A group of Finnish citizens walked across the border between Kosovo and North Macedonia Saturday morning in order to flee the coronavirus outbreak in the Balkans. – The minivan couldn’t cross the border. The only way to leave was to walk, says Riia Raadla.
Riia Raadla, Finnish teacher working in Pristina, her 16-year old son, a colleague and five tourists from Finland walked across the border to North Macedonia this morning are now waiting in Skopje for their flight back home to Finland, that will take off tomorrow afternoon. Riia Raadla explains the high stress levels she experienced yesterday.
– I was panicking. At first I was thinking we were going to leave on Wednesday, because the tickets are cheap on Wednesday. But then I heard these news saying that at 8 pm yesterday you couldn’t go anywhere and then I thought; Oh my God, I have to go to Finland.” she says.
Riia Raadla explains that she bought the flight tickets yesterday but ended up in panic when people started telling her that they couldn’t ender the Macedonian side. She explains there was some misinformation reaching them at first and that she had to make calls in order to find out if she, her son and colleague were actually going to be able to leave Kosovo.
– My son is 16 years old. He is wondering what the hell is going on. Why are you panicking? What’s wrong with you people? Riia Raadla says.
Measurements taken by the Kosovo Government
Friday evening, a few hours after the report of Kosovo’s two first cases of COVID-19 (both by persons who recently visited Italy) Kosovo’s Government had a press conference where they announced that the country had closed its borders for all non-citizens to enter and that Kosovo citizens who enter through the borders will undergo enhanced medical check-ups with the order that they will be isolated for 14 days.
They also announced that two towns will be put in quarantine and that Pristina Airport will be closed from March 16 00.00.
Also all the restaurants, cafes and shopping malls were ordered to close after the announcement. Around 10 pm all the restaurants and bars were closed and the streets were empty of people. The only shops that remained open were pharmacies and food markets.
However, in spite of the ban, at least two small coffee shops were open during Saturday in Pristina. One with a line outside of people in masks and gloves waiting to buy Macchiatos.
Riia Raadla explains that Skopje was very quiet and empty during the day and that everything was ordered to close at 6 pm.
The situation at the border
– The security guys at the border were wearing the masks and the white suits. There was only 1 bus and 2 cars waiting at the border.” Riia Raadla says.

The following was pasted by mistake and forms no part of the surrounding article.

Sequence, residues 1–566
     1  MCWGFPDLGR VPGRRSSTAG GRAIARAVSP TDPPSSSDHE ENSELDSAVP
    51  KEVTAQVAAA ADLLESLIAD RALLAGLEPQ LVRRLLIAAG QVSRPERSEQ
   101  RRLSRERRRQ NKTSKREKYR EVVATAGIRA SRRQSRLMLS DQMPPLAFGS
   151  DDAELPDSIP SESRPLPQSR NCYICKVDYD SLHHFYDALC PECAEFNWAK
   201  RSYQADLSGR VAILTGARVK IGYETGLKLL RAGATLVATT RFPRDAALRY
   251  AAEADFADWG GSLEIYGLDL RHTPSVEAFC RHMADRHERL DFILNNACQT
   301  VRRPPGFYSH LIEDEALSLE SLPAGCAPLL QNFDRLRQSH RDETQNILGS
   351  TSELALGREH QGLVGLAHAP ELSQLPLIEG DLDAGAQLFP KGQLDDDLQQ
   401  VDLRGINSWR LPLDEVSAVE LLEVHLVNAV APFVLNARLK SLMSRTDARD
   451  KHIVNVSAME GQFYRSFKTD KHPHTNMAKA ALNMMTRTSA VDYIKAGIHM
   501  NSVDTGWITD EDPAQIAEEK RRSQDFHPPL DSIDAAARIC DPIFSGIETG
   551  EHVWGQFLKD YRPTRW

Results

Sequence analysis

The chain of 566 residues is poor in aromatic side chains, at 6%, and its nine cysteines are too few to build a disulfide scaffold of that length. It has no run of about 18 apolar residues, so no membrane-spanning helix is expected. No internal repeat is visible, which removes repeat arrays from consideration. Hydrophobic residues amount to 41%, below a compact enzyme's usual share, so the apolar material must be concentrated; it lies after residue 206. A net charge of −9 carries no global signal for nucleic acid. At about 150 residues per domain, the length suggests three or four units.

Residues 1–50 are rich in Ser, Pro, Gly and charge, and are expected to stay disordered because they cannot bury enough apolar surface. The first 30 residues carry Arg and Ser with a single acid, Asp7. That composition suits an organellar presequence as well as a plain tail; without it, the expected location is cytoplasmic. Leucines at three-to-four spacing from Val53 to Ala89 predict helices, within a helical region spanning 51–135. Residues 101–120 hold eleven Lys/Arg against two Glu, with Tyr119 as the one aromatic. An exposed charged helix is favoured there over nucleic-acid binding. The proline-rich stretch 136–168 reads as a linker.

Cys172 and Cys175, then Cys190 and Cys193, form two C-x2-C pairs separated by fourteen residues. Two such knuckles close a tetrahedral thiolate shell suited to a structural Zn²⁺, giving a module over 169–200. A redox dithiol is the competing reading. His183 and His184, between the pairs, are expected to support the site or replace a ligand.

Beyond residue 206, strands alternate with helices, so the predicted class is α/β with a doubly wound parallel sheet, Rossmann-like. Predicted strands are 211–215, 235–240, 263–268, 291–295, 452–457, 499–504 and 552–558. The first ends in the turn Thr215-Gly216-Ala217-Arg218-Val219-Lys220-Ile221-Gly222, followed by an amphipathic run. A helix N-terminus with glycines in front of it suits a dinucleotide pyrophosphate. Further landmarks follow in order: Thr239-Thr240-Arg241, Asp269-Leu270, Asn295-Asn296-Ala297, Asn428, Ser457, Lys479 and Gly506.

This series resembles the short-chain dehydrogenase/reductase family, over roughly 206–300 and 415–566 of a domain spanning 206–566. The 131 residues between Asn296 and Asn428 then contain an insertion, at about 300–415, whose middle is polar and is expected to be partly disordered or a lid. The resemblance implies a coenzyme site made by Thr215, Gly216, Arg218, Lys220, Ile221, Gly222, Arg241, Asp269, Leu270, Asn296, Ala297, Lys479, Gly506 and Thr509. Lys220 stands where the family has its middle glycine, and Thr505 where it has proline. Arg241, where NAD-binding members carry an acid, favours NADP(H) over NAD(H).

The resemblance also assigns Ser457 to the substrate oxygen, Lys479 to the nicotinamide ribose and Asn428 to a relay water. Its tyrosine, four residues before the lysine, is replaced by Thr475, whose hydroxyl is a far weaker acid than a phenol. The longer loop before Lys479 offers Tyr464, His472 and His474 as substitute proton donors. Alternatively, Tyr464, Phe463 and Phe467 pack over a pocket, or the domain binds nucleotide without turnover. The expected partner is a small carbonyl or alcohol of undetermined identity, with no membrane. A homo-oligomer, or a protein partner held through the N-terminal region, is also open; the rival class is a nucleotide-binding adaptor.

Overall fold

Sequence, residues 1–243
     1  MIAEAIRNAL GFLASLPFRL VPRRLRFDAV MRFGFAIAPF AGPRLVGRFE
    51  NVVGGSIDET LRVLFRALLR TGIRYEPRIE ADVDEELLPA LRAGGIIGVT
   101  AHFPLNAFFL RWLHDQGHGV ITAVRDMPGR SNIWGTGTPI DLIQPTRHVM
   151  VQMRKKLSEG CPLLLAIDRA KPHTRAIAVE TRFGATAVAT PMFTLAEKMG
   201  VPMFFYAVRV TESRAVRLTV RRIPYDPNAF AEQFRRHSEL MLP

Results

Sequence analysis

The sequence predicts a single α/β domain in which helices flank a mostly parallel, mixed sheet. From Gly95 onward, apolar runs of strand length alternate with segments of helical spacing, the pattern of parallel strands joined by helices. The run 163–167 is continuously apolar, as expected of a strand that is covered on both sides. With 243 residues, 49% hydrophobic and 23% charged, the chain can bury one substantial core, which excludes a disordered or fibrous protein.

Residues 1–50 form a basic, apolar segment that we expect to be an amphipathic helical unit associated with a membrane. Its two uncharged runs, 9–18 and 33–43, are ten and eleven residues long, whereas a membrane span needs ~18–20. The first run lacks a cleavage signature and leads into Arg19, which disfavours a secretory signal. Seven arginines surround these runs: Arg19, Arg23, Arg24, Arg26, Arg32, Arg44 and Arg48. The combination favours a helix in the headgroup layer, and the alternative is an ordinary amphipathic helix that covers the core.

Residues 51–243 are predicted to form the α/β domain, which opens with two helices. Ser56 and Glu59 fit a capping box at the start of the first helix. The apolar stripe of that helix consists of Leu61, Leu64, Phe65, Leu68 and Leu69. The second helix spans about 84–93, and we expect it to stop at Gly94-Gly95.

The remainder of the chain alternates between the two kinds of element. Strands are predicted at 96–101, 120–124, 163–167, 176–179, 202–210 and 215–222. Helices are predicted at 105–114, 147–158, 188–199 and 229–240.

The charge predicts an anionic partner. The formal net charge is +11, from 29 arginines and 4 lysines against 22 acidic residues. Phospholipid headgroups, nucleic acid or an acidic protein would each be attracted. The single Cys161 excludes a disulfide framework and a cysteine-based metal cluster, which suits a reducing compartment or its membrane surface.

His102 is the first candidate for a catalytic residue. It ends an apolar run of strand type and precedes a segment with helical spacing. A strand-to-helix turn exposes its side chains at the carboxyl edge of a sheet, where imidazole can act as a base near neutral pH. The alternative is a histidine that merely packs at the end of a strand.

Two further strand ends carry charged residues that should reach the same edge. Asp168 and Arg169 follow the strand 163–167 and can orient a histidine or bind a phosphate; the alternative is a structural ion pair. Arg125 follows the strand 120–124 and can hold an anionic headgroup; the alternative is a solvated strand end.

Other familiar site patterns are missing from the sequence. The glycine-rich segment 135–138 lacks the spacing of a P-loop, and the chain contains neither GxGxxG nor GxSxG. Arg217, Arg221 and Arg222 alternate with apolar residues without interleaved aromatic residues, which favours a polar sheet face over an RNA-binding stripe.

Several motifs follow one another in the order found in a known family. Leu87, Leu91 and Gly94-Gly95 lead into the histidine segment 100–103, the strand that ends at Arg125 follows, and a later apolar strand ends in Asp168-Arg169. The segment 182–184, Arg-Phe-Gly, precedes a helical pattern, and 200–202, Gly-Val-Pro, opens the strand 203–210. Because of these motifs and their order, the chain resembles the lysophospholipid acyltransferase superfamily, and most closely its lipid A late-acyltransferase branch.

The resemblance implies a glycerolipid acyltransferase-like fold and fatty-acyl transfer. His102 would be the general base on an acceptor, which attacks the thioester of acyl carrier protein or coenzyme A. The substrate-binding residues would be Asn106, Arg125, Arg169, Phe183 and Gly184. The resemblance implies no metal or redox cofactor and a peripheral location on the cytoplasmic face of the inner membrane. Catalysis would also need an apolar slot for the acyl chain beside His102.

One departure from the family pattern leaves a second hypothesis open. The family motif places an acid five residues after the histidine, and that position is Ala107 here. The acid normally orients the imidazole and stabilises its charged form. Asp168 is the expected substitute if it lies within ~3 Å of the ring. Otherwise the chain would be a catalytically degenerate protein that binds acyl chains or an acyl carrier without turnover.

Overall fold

The group of Finnish citizens was first waiting at the border unsure of what to do, since the bus driver would be put into self-isolation if he would drive them to Skopje. Finally they get information by the officers.
– They called the Pristina office and they told us to walk across the border. The only way to leave was to walk.” Riia Raadla says.
Crossing into North Macedonia
Riia Raadla and her group starts walking across the border to North Macedonia around 10 am Saturday morning carrying all their belongings with them.
– There was only one other man that was following us. It was so empty. The feeling that we were the only ones that were walking. That was very weird. It felt like we were the only persons in the world, she says.
Riia Raadla explains her biggest fear was that she would be stuck in Kosovo.
– I don’t know where the panic comes from. It’s just a panic that I wanna go home, I really wanna go home, she says
She explains how someone during the morning asked her “Do you feel like it’s a war?” and that she replied “A kind of a war”.
– We are escaping from something. But we don’t exactly know what we are escaping from. A sort of health war. People are escaping and a lot of the locals are going to the mountains and villages, she says.
The group gets lucky when entering North Macedonia. They find a taxi for 20€, even if they were told that the taxi drivers had started charging even local people 100€ for a ride from the border into Skopje.
Riia Raadla explains that she still had butterflies in her stomach, was twitching her fingers and felt like she would be a smoker she would smoke a whole package while entering the capital.
– Some people were saying “It’s nice. Now you are safe, but no no no. Tomorrow when I get to Finland then I will say I’m lucky again. I really hope I will get home, Riia Raadla says.
Swedish journalist based in Pristina
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